To investigate the concentrations and pharmacokinetics of ketorolac in the rabbits by three different routes of administrations: a single intracameral, intravitreal, and suprachoroidal injection.
Fifty-four New Zealand white rabbits received ketorolac (250 μg/0.05 mL) in one eye by a single intracameral injection (group A, n = 18), single intravitreal injection (group B, n = 18), and single suprachoroidal injection (group C, n = 18). Drug concentrations in the vitreous, retina–choroid (RC), and plasma were determined by the methods of high-performance liquid chromatography at 0.5, 1, 2, 4, 8, and 24 hours after injection. The concentrations in the opposite eyes were also investigated.
The mean maximum concentrations (Cmax) of ketorolac in the vitreous and RC were 0.378 ± 0.19 μg/mL and 3.15 ± 0.49 μg/g (at 0.5 hours), respectively, in group A; 156.2 ± 20.74 μg/mL (at 0.5 hours) and 208.0 ± 21.67 μg/g (at 1 hours), respectively, in group B; and 0.873 ± 0.34 μg/mL and 56.71 ± 22.64 μg/g (at 0.5 hours), respectively, in group C. In the RC, the area under the curve (AUC0–t) in group B (866.1 ± 52.67 μg/g·h) was higher (P < 0.01) than that in group C (77.10 ± 25.90 μg/g·h). The elimination half-life (t1/2) in group B (3.09 hours) was longer (P < 0.01) than that in group C (1.19 hours). In the control eyes, a drug level below 2 μg/g was detected in the RC in group C. Plasma concentrations were below 0.4 μg/mL in all 3 groups. Ketorolac was detectable in the RC till 24 hours after the intravitreal injection and 8 hours after the suprachoroidal injection.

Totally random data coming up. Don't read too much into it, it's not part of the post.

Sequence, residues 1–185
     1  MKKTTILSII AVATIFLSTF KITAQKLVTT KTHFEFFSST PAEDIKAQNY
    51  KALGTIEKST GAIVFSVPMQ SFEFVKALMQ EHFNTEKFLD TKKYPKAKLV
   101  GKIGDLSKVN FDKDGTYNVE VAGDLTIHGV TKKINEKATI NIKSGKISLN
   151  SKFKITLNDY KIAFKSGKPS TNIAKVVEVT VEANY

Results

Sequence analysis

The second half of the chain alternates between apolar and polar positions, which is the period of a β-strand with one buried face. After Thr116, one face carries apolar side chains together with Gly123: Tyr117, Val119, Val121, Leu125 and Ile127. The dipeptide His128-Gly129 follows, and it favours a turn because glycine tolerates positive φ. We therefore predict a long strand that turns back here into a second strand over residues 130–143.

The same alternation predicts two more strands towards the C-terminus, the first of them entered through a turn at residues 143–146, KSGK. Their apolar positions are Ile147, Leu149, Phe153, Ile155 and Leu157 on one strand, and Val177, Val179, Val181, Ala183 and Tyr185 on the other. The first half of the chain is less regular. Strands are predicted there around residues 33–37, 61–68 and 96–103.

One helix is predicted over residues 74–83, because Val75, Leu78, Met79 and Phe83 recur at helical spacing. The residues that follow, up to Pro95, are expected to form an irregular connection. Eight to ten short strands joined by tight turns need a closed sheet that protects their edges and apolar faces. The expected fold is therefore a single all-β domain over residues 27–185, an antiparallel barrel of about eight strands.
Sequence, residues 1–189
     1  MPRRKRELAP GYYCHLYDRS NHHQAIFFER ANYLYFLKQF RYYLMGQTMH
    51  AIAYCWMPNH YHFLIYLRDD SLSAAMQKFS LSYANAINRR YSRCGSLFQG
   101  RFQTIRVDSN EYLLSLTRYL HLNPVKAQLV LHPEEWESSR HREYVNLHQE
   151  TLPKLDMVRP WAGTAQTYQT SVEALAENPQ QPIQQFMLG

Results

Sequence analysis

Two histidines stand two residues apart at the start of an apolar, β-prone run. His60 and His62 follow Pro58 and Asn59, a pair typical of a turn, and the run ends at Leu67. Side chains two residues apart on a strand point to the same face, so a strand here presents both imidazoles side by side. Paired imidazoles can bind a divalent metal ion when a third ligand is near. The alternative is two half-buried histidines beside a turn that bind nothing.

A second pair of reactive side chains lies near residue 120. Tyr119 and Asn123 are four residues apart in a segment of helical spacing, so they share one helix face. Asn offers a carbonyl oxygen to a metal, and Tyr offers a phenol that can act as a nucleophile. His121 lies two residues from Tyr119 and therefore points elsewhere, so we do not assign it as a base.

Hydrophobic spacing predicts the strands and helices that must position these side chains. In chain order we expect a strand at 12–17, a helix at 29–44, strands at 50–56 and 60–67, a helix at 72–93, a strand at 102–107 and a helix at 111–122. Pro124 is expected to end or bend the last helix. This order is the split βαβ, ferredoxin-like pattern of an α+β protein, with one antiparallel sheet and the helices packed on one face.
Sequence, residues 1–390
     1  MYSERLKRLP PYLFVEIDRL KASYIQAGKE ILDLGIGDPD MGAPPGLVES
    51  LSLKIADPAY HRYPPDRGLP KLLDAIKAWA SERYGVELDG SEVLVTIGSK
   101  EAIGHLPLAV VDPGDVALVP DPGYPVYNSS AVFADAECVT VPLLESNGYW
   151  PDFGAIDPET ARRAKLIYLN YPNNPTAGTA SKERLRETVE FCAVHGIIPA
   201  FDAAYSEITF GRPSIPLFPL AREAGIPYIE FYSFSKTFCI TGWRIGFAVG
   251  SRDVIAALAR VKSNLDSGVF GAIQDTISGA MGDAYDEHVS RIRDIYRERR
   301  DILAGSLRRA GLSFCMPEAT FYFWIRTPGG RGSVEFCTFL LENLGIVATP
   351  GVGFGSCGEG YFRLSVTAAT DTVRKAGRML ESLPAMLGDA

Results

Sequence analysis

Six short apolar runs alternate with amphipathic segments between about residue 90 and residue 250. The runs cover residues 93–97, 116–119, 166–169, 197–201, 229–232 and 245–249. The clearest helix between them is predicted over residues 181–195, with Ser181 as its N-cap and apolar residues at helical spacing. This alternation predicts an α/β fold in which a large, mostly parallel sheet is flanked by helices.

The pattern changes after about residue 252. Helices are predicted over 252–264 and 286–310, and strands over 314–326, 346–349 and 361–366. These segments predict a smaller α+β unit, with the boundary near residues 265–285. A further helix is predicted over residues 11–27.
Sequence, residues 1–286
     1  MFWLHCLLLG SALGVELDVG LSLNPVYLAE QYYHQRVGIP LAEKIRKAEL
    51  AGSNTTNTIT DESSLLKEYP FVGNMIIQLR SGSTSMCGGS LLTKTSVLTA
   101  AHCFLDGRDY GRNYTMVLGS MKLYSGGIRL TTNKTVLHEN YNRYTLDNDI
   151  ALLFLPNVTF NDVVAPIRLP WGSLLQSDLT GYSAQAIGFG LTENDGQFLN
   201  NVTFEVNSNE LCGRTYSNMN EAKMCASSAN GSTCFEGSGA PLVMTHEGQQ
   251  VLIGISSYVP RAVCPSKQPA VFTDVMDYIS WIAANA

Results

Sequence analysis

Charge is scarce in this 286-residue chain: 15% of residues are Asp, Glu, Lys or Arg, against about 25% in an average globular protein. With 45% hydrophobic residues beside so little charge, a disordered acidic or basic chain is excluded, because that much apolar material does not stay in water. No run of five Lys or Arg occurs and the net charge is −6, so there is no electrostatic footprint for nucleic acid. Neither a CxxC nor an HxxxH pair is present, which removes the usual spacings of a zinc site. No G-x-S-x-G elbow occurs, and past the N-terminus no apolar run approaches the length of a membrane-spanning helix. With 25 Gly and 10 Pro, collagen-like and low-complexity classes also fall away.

Intravitreal injection of ketorolac produced higher intraocular drug concentrations for a longer period compared with the other two routes. Suprachoroidal injection of ketorolac could reach an effective drug level in the RC with short half-lives and low drug levels in the vitreous. The plasma drug concentrations were low by all three routes.